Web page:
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Posted: January 29, 2010 12:30 a.m.

Parson to Person: Two misconceptions

I would like to use this week’s column to dispel two misconceptions that prevail in Christianity.

Myth one is the misconception that the Bible is a fluid document that is subject to individual interpretation. You know the argument, "Well, that’s just how you interpret it. My interpretation is different."

If it is true that the Bible is merely a book of subjective interpretation, no one can ever really be sure of what it has to say. The Bible says, "The main thing to keep in mind here is that no prophecy of Scripture is a matter of private opinion. And why? Because it’s not something concocted in the human heart. Prophecy resulted when the Holy Spirit prompted men and women to speak God’s Word" (2 Peter 1:20-21, The Message).

While I understand that these words from Peter are referring to how we got our Scripture, I do believe they have application in how we interpret Scripture. When all is said and done, there is only one correct interpretation for any given verse of Scripture. One correct interpretation, but many applications.

The reason we get different interpretations at times has to do with our own theological bent and the method we use in our interpretation. This does not mean that correct interpretation of a passage changes. It simply means that the reason we sometimes interpret things differently is because we are either forcing the interpretation through the lens of our particular tradition or we are using faulty interpretive methods to make the passage fit what we have already determined to be truth.

I believe that the Bible is the inspired word of God. It is his self-revelation to us. If that is the case, we must assume that it is objective truth not truth based upon one’s own interpretation. If the latter is the case, you might as well throw the whole thing out because it’s pretty useless. However, if the former is the case, it becomes imperative that we submit ourselves to its teachings. More importantly, that we submit ourselves to the person of Jesus Christ who claimed to be God in the flesh and who died for our sins and rose again so that we can have life. If the Bible is true, we have to deal with passages like Acts 4:12 with all seriousness. Acts 4:12 says, "Jesus is the only One who can save people. No one else in the world is able to save us" (Acts 4:12, NCV). You may not like that statement, but you have to deal with it someway. If the Bible is God’s truth, you have to make a decision about where you are going to place your faith. If the Bible is not God’s truth, you can simply dismiss the claim as absurd.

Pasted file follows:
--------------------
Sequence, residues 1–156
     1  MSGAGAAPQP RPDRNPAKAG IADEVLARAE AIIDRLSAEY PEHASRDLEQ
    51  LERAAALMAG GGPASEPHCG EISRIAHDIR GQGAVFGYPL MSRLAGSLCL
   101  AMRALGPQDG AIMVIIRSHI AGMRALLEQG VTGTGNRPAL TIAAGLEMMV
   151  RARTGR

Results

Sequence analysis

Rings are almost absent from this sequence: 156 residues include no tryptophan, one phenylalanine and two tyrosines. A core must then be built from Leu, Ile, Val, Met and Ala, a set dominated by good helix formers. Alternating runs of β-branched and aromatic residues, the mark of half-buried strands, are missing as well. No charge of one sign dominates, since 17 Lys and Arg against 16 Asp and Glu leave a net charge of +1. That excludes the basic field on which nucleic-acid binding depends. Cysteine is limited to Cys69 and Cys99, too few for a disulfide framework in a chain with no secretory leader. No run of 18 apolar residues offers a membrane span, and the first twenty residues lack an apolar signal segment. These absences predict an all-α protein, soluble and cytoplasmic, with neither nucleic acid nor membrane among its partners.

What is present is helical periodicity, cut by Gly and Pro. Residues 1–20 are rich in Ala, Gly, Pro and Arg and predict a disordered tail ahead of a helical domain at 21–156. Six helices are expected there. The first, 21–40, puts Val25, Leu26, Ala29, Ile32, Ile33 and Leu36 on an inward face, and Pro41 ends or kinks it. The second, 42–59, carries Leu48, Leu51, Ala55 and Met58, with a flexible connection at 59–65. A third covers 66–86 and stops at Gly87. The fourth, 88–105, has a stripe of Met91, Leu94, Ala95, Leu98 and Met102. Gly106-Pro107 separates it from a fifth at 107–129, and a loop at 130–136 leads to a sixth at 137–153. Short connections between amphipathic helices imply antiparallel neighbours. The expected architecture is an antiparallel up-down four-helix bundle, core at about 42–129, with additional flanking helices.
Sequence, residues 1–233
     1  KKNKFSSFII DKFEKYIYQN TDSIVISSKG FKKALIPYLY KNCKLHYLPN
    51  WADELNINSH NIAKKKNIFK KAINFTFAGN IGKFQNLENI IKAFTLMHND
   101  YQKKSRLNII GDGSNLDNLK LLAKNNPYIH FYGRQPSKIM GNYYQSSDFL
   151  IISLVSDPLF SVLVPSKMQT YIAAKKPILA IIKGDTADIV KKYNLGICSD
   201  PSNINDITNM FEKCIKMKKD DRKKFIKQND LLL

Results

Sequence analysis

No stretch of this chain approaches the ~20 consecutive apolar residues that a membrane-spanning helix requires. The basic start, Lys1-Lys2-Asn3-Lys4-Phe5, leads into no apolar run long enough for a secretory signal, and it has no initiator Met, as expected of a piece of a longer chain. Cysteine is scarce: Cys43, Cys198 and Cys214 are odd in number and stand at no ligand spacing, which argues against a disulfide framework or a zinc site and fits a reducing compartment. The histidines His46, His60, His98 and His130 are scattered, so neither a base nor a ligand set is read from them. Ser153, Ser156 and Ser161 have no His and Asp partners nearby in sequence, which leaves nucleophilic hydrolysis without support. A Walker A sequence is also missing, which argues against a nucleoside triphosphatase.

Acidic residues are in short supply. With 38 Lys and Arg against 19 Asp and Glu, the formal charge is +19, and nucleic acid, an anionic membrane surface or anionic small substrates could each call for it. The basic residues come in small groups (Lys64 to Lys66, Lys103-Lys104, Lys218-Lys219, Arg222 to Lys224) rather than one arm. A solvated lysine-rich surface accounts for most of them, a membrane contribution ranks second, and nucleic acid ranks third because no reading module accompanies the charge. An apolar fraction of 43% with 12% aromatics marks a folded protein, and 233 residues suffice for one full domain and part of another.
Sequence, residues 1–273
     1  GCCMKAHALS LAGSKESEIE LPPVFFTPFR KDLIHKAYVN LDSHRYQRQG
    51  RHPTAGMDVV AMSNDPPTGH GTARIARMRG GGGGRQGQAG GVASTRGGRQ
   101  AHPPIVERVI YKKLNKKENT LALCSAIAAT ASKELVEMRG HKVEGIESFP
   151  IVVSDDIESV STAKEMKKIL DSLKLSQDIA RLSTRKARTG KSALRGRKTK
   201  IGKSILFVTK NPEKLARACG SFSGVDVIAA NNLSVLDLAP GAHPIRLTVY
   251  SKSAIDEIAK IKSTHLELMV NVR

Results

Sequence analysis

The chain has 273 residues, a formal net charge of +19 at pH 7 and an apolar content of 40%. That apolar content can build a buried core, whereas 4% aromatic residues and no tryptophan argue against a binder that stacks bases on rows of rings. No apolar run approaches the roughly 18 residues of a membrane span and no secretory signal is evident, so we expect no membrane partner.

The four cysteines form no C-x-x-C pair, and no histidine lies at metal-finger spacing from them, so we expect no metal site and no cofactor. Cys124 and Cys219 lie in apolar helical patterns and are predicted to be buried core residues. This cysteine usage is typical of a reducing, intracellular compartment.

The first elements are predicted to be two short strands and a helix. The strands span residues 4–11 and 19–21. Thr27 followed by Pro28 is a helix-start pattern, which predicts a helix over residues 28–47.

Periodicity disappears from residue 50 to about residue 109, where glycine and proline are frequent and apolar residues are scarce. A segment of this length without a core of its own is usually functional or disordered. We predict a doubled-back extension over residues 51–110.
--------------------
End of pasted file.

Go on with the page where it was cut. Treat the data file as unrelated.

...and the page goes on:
Myth two is the misconception that all Christians should look, act and think alike. Believing as I do that the Bible is the infallible and inerrant revelation of God, I am compelled to believe that in Jesus Christ there is true freedom (see John 8:36 and Galatians 5:1). Let me put this another way: there is no cookie-cutter Christian. God has created us all unique and different, that doesn’t change when we are born by faith into his forever family.

The hardest thing for Christians to do it seems is to recognize that we don’t have to act, look, or talk the same. Other than some essentials regarding faith, we don’t even all have to necessarily believe the same (See Romans 14-15 for a discussion of that). We who are members of God’s forever family desperately need to learn how to respond to those who disagree with us graciously and not judgmentally. We need to remember the truth of Romans 14:4, "What right do you have to criticize someone else’s servants? Only their Lord can decide if they are doing right, and the Lord will make sure that they do right" (Romans 14:4, CEV).

I understand that I write some difficult things from time to time in this column. I understand that people may not always agree with me. What I need you to understand is that is OK. I write these things for your consideration only, but be aware of the fact that no matter how strongly I may write on an issue, I am acutely aware that I am not the judge (thank goodness). Because of that those who choose to disagree with me, please be aware that while we may choose to disagree I will never stand in judgment against you; I will never "write you off" as the saying goes. That is not my place.

Dr. John Pearrell is pastor of Gateway Community Church in Covington. He can be heard Thursdays on the radio on WMVV 90.7 (FM) at 8:30 p.m.

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